A focus on sustainability (for private businesses) can be thought of as a management strategy that helps businesses set goals and prioritize resource allocations. Sustainability at the private business level can first be thought of primarily in terms of financial sustainability-that is, the ability of private firms to generate profits and cash flow to sustain business operations. For-profit businesses-first and foremost-must focus on their economic bottom line.



Defining Sustainability

Profit
A company that earns a profit is providing a good or service that is valued by society. Consumers and businesses do not pay for products and services that do not provide them with value or benefits above the cost of the product or service to them (or else they would not have made the free decision to purchase that product or service). Therefore, at a basic level, if a business is profitable, it is having a net positive social impact. This is assuming that the business has no external impact on the environment or society.

Negative Impact

However, there are companies that are profitable in the short term that are having a long-term net negative impact.
By depleting the resource base of the company, short-term gain can lead to long-term financial failure for the company. This example highlights the need for sustainable thinking in business. For business to be sustainable in a financial sense, businesses must increasingly consider the longer term and broader consequences of decisions.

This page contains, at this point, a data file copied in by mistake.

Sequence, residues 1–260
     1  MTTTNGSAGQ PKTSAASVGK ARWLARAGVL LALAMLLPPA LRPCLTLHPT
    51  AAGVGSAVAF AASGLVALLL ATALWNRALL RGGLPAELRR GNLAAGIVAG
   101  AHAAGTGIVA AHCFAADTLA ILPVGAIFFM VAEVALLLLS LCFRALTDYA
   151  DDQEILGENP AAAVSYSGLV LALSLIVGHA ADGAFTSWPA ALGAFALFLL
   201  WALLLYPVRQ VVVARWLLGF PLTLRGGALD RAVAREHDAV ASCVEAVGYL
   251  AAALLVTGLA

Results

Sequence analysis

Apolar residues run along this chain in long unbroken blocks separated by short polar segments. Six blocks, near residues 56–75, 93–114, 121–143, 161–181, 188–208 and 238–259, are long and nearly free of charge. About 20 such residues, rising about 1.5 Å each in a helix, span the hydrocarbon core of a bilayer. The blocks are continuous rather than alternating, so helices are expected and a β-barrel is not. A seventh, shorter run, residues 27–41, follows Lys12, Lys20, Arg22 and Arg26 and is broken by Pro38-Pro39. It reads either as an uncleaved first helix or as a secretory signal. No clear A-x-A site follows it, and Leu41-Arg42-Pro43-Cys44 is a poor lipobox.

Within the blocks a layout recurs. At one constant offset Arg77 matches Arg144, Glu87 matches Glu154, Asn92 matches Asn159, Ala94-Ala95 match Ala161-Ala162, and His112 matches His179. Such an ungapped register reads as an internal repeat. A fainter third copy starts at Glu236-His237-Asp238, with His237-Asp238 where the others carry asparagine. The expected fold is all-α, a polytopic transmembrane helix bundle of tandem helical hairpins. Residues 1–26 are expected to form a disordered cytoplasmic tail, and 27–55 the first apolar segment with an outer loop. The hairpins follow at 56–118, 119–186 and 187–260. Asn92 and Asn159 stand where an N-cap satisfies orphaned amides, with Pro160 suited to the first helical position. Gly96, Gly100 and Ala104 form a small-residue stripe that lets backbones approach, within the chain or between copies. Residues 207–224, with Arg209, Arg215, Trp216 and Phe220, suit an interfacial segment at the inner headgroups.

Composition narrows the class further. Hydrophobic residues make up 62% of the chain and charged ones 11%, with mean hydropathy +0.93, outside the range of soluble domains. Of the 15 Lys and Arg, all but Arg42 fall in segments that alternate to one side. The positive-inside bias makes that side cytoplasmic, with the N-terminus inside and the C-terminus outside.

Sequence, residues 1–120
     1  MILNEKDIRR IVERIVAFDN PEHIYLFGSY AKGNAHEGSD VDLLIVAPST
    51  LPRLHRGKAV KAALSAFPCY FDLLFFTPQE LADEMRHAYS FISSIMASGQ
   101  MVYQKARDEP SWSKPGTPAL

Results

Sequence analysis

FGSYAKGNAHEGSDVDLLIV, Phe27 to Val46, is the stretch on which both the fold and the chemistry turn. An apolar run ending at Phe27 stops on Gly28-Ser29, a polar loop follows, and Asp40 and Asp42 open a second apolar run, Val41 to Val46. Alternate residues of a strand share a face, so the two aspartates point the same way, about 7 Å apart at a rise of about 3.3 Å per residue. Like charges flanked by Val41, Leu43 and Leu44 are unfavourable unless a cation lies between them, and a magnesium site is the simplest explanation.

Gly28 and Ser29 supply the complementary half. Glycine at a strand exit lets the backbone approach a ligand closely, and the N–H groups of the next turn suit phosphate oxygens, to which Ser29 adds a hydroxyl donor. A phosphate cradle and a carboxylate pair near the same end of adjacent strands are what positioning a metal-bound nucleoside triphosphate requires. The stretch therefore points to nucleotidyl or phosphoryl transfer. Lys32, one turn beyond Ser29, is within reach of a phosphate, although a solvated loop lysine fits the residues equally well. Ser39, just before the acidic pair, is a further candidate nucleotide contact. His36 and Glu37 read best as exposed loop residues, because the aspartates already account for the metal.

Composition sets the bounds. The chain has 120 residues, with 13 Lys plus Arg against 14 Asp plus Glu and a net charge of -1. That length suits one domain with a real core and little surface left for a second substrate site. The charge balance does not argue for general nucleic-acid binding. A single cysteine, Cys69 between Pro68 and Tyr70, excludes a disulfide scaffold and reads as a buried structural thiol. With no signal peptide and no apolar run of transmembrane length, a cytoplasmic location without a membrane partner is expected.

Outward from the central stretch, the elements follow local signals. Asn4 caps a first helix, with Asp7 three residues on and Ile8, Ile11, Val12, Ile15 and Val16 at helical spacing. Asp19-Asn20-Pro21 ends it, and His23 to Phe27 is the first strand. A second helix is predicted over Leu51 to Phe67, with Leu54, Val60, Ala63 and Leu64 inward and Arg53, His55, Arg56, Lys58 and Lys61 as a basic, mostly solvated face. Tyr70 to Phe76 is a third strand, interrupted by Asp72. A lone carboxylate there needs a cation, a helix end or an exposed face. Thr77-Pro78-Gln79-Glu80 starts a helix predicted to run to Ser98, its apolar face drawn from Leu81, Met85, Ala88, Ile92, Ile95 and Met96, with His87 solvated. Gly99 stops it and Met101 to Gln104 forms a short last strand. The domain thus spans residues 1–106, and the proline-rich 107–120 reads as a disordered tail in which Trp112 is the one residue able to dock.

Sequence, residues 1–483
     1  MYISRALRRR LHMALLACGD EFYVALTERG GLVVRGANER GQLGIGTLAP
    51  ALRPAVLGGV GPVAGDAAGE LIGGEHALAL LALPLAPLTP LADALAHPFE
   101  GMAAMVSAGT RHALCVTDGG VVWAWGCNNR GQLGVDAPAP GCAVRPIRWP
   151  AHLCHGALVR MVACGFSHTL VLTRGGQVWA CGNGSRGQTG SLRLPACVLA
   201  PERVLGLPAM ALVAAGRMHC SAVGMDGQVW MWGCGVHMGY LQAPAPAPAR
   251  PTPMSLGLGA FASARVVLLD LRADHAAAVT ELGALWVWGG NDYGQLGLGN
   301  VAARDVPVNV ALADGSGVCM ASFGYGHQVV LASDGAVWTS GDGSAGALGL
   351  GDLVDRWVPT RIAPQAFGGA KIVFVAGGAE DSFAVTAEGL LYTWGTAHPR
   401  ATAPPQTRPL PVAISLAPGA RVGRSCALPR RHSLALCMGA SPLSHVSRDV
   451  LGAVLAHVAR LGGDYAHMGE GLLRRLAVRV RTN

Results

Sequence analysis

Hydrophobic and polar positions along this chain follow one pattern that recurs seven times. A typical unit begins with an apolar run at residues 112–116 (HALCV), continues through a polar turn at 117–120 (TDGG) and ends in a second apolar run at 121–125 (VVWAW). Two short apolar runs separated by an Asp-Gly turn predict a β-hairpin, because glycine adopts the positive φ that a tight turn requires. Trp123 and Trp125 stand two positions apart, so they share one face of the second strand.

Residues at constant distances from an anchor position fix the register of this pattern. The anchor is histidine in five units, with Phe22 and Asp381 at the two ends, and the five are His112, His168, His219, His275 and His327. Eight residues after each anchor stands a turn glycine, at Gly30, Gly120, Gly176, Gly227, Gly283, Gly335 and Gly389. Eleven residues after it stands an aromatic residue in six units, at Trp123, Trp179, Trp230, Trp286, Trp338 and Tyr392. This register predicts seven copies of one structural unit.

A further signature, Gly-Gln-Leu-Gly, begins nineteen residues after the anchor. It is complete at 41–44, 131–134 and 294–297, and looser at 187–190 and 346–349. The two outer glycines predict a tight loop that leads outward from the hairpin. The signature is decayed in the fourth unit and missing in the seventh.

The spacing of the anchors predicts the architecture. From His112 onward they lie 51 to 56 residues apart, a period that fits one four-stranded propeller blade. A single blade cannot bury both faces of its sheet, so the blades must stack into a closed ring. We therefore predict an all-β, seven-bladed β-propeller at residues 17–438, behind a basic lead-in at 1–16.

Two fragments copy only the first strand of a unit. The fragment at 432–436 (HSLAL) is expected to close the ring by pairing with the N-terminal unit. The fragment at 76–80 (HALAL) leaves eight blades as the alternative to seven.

Lumber Company
A lumber company that owns timber reserves could harvest all of its timber resources in one year generating a significant profit for that one year. However, if in doing this the company ignored the costs and losses associated with destroying the forest and the ability of the forest to continue to produce timber, then the net impact could be negative.

Bibliography

[1] Brundtland, G. H. (Ed.). (1987). Our common future: The World Commission on Environment and Development. Oxford: Oxford University Press.
[2] Brundtland, G. H. (Ed.). (1987). Our common future: The World Commission on Environment and Development. Oxford: Oxford University Press.




Defining Sustainability

Untitled Slide
End of Unit:
Click Next to proceed to next Unit.